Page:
Day Three of a weeklong hearing to determine the city’s responsibilities for reforming the Orleans Parish prison complex under a proposed federal consent decree featured testimony from mental health experts, mentally ill inmates, and Deputy Mayor Andy Kopplin.
The city has been trying to avoid legal exposure to the decree, saying the cost is prohibitive and that Sheriff Marlin Gusman, the parish jailer, is incapable of managing the turnaround effectively.
Presented this week in U.S. District Court Judge Lance Africk’s courtroom, the case so far has drawn testimony primarily from two groups of witnesses: experts in criminology, and inmates who have experienced the allegedly unconstitutional conditions at the jail.
The U.S. Department of Justice and the Southern Poverty Law Center wrapped up their case Wednesday with testimony from two criminal justice experts with extensive experience in mental health. Gusman is scheduled to take the stand Thursday.
Aaron Steele, who said he suffers from schizophrenia and other illnesses, testified at length Wednesday. Steele has been held at the prison for almost two years, awaiting trial on a heroin charge.
Steele is one of dozens of inmates whose declarations of abuse prompted the Southern Poverty Law Center to file suit last April against the sheriff’s office. Steele said he came forward and participated in the lawsuit “so other guys coming through the prison won’t have to go through this.”
Steele’s testimony lacked the visceral punch of Tuesday’s shocking video depicting rampant illegality and depravity at the now-shuttered House of Detention. After seeing the video, Mayor Mitch Landrieu said the jail should be put into federal receivership.
Steele’s testimony was disturbing nonetheless. He said he had seen many fights in areas of the jail set aside for mentally ill inmates, violence that led to broken jaws, broken noses and other injuries.
Steele’s testimony illuminated the “keep on person” policy at the Orleans Parish jail. Under that policy, inmates who have been prescribed medications are often given a supply of one or two weeks’ worth and then sent back to their cells under the assumption that the drugs will be responsibly self-administered.
Often, said Steele, the drugs are stolen by other inmates or sold.
The questioning generally ended Wednesday with witnesses being asked if they think relevant reforms mandated by the consent decree would at least minimally address the concerns raised. All of them said yes.
Cross-examination was handled for the city mostly by former U.S. Attorney Harry Rosenberg.* He argued that the severe problems raised in testimony are proof of Gusman’s incompetence, not a reason why the city should pony up what it estimates as the $110 million cost of compliance with the consent decree over five years.
Rosenberg has argued that prisoners are entitled to constitutional protections but not to services unavailable to other city residents, many of them needy.
Testifying on the urgent need for reform, Daphne Glindmeyer, an expert called by the Southern Poverty Law Center, and Bruce Gage, an expert called by the Department of Justice, testified on the urgent need for the reforms outlined in the consent decree. Both based their observations on visits to the Orleans Parish jail. Gage said the mental health areas are grossly inadequate and that medical record-keeping at the jail facility is woefully bad.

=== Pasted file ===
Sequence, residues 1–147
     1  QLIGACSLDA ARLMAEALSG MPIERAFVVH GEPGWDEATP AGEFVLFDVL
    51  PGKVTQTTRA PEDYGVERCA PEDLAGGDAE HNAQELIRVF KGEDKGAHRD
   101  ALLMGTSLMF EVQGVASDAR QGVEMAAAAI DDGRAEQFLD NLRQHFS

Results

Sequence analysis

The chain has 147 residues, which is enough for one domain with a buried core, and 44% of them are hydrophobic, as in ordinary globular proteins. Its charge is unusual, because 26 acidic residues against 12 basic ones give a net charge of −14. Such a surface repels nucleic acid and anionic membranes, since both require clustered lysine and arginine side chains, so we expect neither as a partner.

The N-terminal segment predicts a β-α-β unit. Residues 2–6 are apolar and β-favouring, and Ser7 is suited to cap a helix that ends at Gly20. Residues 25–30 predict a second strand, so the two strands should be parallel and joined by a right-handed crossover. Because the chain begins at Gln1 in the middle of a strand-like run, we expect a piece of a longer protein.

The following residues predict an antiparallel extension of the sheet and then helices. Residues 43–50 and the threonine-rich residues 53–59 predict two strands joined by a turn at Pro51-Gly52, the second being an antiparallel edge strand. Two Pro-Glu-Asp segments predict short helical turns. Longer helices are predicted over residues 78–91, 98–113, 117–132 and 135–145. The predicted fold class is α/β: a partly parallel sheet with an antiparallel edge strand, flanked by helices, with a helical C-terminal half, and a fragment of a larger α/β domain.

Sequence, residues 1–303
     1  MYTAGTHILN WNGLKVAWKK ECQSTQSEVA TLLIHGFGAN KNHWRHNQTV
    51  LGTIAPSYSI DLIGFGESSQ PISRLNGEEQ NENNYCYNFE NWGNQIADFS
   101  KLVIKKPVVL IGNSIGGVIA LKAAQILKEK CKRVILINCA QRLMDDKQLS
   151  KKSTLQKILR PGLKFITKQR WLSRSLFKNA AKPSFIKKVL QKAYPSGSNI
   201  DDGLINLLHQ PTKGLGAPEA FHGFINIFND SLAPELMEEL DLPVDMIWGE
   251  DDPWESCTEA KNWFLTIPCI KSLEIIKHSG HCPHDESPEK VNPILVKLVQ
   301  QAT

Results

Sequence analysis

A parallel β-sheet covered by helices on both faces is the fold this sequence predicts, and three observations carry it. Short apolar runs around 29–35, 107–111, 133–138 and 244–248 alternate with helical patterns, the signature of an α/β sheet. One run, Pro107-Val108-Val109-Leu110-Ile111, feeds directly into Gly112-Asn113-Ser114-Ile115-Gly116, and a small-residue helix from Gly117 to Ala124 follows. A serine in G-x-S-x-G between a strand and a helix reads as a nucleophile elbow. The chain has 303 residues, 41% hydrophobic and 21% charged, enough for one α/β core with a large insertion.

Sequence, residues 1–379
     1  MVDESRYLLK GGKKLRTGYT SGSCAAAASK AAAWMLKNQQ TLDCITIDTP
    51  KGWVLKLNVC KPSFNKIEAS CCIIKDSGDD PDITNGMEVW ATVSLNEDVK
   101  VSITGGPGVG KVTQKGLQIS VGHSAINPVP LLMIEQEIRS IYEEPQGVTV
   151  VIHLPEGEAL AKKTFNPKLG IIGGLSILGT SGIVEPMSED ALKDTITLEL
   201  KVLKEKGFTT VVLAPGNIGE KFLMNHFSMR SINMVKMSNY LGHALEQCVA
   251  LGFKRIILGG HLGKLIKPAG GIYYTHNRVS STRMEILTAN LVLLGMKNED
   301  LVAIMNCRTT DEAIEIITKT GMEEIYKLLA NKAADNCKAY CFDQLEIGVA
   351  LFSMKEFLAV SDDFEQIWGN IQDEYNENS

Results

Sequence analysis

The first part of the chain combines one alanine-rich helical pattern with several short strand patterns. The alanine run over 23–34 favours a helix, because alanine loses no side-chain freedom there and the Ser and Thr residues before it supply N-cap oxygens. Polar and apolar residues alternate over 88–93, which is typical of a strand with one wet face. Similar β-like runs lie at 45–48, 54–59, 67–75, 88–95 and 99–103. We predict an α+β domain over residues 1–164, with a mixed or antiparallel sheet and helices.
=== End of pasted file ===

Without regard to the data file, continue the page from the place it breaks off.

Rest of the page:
Kopplin, the only witness called by the city, reiterated the financial argument made repeatedly by Landrieu: that the city can ill afford the $22 million annual cost of the mandated reforms.
“It is not a reasonable expectation that we could solve a $22 million problem without devastating cuts,” he said, adding that slashing city services to pay for the consent decree would have an adverse impact on public safety.
The consent decree would place operations of the prison under a monitor’s review and would mandate improvements in staffing, suicide prevention, and mental health care, among other reforms.
Kopplin claimed the sheriff and justice department had acted in bad faith by foisting the consent decree on the city without involving it in the negotiations. By contrast, he said, the city had participated extensively in negotiations over a separate consent decree for the New Orleans Police Department.
Kopplin batted back several attempts by the justice department’s lawyer, Laura Coon, to get him to admit that the city had been not only aware of the negotiations over the prison consent decree, but had participated actively in them.
He conceded only that the city had a general awareness that a consent decree for the prison was afoot.
When Africk expressed skepticism, Kopplin said: “Yes, I’m aware that city attorneys went to a few meetings, sent emails, but there was no substantive involvement about funding.”
Clearly irked, Africk, reminded Kopplin of a 2012 conference call in which all parties to the dispute — including the judge himself — discussed the consent decree, leaving no doubt substantive negotiations were underway.
“During the early course of the litigation, city attorneys represented to me that the city was actively involved in the negotiations over the consent decree. That’s a fact,” Africk snapped.
Africk had another question for Kopplin: “Is it the city’s position that there needs to be some oversight of the sheriff’s department? Do you agree that there needs to be some oversight over the sheriff’s operation or should it continue as is?”
*Correction: An earlier version of this story failed to say that Rosenberg is a former U.S. Attorney; he left that position in 1993.
Kopplin replied: “The information and documents presented in this litigation show that the sheriff can’t handle the jail regardless of the money, that’s why we’ve called for federal receivership.”